As Assange awaits for potential extradition to the US, he's been sent to Belmarsh, considered to be one of the UK's most famous prisons.
- WikiLeaks founder Julian Assange, who was arrested on Thursday at the Ecuadorian Embassy, is being held in one of the UK's most notorious prisons.
- Belmarsh, built in 1991 and located in southeast London, gained notoriety in the wake of the 9/11 attacks when foreigners were detained in the prison without being formally charged, leading some to call it 'Britain's Guantanamo Bay.'
- An unannounced inspection of the jail in early 2018 by the UK government showed progress in some areas, but regression in others.
- An action plan developed the prison in the wake of the inspection acknowledged areas where improvements could be made, but pushed back against some suggestions, including not keeping three men in cells meant for two.
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Julian Assange is being held in a notorious UK prison previously referred to as 'Britain's Guantanamo Bay.'
The WikiLeaks founder spent nearly seven years in a 330-square-foot room in the Ecuadorian Embassy in London where he had been seeking political asylum. On Thursday, Ecuador revoked his asylum, allowing British police to arrest him.
As Assange awaits potential extradition to the US, he's been sent to Belmarsh, considered to one of the UK's most high-profile prisons.
Located in southeast London, Belmarsh rose in prominence following the 9/11 terrorist attacks. Under anti-terrorism laws created soon after September 11th, foreign nationals suspected of terrorism could be detained in the prison, according to a BBC News story in 2003. As a result, the prison garnered the nickname 'Britain's Guantanamo Bay,' a nod towards the US detention camp at a military base in Cuba of the same name that gained notoriety for some of its torture tactics.
A report on an unannounced inspection of the prison by the UK's chief inspector of prisons in early 2018 paints a complicated picture. The report acknowledges that over 100 prisoners have an indeterminate sentence, in addition to those who have committed serious offenses.
"The high security unit (HSU), in effect a prison within a prison, held some of the highest-risk prisoners in the country, adding a further layer of complexity," the report stated. "In addition, there were a large number of foreign national prisoners, others who needed to be protected because of their offence, and a small number requiring specific management arrangements because of their public and media profile. Meeting the demands and priorities of these various groups remained a hugely complicated task."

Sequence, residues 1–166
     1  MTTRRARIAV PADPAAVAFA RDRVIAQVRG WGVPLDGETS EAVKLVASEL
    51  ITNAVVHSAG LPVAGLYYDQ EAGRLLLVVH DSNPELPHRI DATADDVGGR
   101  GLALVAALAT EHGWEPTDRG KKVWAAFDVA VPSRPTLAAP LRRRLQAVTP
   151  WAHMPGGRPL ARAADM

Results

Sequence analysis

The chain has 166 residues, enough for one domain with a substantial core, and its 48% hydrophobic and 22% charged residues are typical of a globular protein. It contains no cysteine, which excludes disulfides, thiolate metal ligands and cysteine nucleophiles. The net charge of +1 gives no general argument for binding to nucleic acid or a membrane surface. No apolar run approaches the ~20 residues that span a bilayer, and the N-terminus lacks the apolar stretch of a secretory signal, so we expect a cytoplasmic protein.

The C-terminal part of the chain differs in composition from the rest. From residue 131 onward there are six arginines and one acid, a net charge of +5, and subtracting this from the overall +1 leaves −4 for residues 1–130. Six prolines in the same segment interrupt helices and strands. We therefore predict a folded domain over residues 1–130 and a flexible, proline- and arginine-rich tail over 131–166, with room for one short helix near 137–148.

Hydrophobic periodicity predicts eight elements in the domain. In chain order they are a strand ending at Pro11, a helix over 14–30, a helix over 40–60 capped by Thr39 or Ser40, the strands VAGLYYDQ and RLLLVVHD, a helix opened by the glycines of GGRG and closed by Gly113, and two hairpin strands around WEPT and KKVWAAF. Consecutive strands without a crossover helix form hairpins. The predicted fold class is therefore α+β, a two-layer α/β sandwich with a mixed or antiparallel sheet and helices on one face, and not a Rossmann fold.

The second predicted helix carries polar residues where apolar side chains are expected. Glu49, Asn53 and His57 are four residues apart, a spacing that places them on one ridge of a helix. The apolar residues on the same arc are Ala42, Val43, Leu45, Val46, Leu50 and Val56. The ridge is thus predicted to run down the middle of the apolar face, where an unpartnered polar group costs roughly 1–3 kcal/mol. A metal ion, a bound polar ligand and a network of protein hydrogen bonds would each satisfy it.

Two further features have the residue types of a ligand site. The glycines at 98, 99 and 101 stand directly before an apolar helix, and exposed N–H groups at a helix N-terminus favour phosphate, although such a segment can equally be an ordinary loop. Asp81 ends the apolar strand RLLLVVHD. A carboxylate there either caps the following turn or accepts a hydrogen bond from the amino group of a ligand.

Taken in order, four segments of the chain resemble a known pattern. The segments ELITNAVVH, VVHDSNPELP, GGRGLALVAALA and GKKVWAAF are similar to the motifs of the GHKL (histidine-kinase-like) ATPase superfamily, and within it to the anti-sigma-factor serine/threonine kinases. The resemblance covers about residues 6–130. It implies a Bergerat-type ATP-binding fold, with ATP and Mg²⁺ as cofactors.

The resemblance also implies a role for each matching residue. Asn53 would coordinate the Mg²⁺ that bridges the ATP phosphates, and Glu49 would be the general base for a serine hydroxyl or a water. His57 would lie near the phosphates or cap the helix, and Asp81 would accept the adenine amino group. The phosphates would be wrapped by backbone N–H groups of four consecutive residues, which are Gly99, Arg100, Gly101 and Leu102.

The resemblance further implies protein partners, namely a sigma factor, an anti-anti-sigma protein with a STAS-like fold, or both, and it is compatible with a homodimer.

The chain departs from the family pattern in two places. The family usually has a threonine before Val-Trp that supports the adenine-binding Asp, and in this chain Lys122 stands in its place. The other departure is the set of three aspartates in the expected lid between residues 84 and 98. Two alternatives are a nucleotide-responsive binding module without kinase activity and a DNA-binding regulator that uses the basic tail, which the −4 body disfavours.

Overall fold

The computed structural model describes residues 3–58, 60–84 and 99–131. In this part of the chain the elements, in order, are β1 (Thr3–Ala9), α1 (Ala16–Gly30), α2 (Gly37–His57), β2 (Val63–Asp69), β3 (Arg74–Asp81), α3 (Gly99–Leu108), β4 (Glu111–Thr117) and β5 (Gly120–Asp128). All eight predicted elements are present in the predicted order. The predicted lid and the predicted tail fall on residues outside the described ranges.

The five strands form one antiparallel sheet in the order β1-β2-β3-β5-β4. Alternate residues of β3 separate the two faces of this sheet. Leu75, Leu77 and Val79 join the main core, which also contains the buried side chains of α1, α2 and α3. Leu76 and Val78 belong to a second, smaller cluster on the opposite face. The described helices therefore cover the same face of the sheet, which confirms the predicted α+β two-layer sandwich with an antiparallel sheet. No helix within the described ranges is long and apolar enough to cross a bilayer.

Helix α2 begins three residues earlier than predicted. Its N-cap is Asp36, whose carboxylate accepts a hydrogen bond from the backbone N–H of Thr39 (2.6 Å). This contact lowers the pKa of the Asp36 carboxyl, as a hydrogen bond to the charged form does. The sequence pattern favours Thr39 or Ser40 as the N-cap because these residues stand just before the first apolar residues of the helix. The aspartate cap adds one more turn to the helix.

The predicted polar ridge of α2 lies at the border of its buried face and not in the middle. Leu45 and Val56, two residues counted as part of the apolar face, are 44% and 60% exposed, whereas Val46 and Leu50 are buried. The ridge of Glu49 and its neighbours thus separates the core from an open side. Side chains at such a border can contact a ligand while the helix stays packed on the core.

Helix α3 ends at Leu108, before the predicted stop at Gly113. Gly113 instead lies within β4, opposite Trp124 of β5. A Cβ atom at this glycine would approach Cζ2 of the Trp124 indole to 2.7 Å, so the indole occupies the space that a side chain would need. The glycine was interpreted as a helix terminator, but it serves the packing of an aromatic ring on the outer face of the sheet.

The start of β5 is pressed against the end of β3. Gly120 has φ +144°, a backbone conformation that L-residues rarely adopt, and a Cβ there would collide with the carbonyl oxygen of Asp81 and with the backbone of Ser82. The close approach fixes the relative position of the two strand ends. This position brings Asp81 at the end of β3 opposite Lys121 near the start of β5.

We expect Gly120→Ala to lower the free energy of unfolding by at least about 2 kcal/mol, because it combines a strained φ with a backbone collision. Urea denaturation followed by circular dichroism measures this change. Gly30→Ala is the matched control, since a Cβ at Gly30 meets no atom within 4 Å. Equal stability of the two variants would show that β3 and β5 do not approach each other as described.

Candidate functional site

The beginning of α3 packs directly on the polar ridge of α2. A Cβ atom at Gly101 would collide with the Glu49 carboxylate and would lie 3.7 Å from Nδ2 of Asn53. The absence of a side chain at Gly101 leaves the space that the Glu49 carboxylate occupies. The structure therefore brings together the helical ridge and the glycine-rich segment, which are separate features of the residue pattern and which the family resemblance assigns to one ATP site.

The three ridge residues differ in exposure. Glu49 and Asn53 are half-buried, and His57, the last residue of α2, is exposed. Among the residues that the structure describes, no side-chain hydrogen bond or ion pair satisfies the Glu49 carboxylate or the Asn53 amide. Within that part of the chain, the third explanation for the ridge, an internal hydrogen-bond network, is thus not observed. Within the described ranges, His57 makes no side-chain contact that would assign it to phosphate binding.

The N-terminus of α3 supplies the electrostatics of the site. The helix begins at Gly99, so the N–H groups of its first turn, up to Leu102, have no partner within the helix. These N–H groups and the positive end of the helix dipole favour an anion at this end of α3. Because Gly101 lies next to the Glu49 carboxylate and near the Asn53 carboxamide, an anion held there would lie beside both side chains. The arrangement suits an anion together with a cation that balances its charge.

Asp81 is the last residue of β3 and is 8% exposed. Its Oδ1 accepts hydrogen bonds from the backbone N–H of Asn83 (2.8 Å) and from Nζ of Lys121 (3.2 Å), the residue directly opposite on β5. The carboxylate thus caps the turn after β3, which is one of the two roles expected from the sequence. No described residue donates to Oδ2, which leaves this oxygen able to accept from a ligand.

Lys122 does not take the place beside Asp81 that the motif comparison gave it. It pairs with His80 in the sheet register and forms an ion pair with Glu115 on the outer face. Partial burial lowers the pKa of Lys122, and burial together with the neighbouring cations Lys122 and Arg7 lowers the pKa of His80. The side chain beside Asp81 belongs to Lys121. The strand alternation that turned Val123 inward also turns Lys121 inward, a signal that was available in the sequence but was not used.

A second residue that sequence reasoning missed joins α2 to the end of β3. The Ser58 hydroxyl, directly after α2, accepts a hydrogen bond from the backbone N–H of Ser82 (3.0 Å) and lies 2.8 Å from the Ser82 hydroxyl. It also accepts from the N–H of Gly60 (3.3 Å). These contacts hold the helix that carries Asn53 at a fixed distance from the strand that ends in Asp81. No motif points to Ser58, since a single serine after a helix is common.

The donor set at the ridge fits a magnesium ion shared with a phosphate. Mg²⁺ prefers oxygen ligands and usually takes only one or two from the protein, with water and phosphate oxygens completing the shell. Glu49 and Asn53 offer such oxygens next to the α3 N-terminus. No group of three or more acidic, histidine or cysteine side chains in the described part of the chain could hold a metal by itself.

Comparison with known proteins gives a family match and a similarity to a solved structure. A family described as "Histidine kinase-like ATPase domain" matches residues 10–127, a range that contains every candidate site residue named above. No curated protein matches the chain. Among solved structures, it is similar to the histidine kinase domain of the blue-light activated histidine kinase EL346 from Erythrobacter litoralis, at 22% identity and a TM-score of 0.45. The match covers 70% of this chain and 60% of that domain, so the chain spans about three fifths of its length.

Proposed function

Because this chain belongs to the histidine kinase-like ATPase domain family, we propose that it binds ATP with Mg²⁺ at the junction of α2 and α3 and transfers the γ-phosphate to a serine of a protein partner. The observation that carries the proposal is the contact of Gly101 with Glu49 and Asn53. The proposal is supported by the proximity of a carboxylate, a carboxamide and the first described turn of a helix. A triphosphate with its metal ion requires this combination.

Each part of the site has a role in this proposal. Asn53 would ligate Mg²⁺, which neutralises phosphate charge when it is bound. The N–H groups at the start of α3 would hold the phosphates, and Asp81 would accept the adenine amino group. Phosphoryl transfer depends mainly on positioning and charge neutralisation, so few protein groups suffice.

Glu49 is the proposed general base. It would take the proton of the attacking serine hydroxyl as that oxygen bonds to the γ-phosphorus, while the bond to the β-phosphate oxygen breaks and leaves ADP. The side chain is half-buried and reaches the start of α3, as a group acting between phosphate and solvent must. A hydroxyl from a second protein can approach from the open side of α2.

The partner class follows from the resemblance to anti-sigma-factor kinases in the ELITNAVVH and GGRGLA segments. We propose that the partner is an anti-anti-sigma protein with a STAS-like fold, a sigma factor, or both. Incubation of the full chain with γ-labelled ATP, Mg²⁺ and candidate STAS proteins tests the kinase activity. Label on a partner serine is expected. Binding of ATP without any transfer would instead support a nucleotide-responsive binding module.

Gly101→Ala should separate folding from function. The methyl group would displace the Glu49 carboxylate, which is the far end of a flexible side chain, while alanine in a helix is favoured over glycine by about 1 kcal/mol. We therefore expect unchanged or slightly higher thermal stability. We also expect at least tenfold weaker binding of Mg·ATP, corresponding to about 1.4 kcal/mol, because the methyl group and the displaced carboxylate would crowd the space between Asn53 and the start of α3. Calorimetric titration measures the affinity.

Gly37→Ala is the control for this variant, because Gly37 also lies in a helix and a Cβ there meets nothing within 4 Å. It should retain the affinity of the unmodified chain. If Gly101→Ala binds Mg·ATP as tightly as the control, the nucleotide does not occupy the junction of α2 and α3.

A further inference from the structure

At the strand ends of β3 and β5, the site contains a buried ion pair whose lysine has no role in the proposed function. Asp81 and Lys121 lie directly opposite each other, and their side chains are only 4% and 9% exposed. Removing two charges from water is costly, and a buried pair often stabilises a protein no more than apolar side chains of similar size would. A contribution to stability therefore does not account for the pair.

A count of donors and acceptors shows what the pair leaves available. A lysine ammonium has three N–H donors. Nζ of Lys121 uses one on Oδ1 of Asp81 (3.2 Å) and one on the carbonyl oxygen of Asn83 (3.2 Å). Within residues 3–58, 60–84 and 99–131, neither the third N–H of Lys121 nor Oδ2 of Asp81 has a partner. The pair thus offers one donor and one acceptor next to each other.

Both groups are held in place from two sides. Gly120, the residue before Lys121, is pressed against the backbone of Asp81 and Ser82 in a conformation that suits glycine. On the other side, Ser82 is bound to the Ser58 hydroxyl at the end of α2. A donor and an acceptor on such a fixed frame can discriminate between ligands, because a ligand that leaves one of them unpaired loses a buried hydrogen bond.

While the report determined the prison was generally "well run," it did determine areas of weakness.
The prison failed to meet 37 of the 59 recommendations the report made to the staff following its inspection. And while rehabilitation and release planning had improved since the last visit and safety remained "reasonably good," the prison faltered in other areas. "Respect," a measurement of whether or not "Prisoners are treated with respect for their human dignity" decreased from "reasonably good" to "not sufficiently good" and "purposeful activity" dropped from "not sufficiently good" to "poor."
Violence in the prison also reportedly increased, but Belmarsh noted similar increases in other area prisons at the time.
The 2018 report made 40 recommendations for improvements, of which the prison agreed or partially agreed to attempt to improve upon in its action plan published in June of that year.
Of the recommendations not agreed upon by the prison, one included the need to no longer house three men in cells meant for only two individuals. While the prison acknowledged holding three men in a double cell was not a "desirable practice," it did not breach standards.
"There is no prospect of meeting this recommendation in the medium term," the report stated. "The wider problem of crowding in prisons is a longstanding national issue that can only be addressed through sustained additional investment in the estate over the long term."
Despite the findings of the report that suggest somewhat cramped conditions, individuals on Twitter mocked the comparison of Belmarsh to Guantanamo Bay, noting that the prisoners have access to "education, workshops, two gyms, and a library" along with "therapy and counselling groups," according to a 2006 BBC article.
English actress, writer, and TV personality Emma Kennedy pushed back on the comparison by writing, "We don't have a version of Guantanamo Bay... it was where they sent prisoners detained under the Terrorism Act. Which has now stopped."